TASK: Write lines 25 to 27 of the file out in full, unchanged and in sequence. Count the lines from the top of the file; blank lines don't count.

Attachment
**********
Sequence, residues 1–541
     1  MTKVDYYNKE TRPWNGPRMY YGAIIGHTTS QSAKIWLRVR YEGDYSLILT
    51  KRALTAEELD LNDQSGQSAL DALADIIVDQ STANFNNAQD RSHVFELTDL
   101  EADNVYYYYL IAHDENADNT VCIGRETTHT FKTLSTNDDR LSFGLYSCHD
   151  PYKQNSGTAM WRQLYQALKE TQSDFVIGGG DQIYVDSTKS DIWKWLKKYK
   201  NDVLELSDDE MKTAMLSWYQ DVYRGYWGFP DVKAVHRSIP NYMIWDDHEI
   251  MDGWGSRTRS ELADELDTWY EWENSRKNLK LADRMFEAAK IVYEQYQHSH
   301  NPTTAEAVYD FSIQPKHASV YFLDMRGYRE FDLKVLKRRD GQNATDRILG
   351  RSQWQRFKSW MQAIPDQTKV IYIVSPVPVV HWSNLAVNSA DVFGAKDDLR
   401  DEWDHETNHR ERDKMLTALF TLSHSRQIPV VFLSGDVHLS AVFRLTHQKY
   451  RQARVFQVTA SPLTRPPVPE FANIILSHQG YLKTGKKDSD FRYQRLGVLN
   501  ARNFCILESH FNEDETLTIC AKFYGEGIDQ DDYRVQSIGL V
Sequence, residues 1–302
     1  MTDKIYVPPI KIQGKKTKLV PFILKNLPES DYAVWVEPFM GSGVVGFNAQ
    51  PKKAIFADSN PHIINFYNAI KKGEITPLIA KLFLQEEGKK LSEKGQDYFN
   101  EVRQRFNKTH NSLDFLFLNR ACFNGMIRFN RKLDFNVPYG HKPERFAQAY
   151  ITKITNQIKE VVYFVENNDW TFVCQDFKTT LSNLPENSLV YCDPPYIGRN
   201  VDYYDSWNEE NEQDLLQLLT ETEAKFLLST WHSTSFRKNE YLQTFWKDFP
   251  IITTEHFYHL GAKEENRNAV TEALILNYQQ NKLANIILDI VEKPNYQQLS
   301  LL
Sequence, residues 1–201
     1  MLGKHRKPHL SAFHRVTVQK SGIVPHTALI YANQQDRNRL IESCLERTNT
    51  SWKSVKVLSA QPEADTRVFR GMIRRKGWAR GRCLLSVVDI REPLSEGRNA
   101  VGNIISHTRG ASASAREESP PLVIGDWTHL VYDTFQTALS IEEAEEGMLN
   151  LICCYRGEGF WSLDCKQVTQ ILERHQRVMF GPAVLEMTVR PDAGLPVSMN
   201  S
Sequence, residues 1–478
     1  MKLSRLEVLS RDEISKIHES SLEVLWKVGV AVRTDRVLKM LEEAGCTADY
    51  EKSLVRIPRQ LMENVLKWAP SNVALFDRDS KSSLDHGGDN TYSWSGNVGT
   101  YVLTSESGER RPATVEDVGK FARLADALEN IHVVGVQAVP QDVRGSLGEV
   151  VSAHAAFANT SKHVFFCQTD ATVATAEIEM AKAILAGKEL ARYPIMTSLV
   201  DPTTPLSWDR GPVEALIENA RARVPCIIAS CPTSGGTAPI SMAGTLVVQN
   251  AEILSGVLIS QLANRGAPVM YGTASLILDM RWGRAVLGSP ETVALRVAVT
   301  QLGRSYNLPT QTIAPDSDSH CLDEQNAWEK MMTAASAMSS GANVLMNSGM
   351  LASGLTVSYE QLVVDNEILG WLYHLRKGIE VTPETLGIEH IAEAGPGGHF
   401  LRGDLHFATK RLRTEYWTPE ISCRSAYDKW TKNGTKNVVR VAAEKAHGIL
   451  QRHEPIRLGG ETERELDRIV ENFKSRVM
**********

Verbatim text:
   151  LICCYRGEGF WSLDCKQVTQ ILERHQRVMF GPAVLEMTVR PDAGLPVSMN
   201  S
Sequence, residues 1–478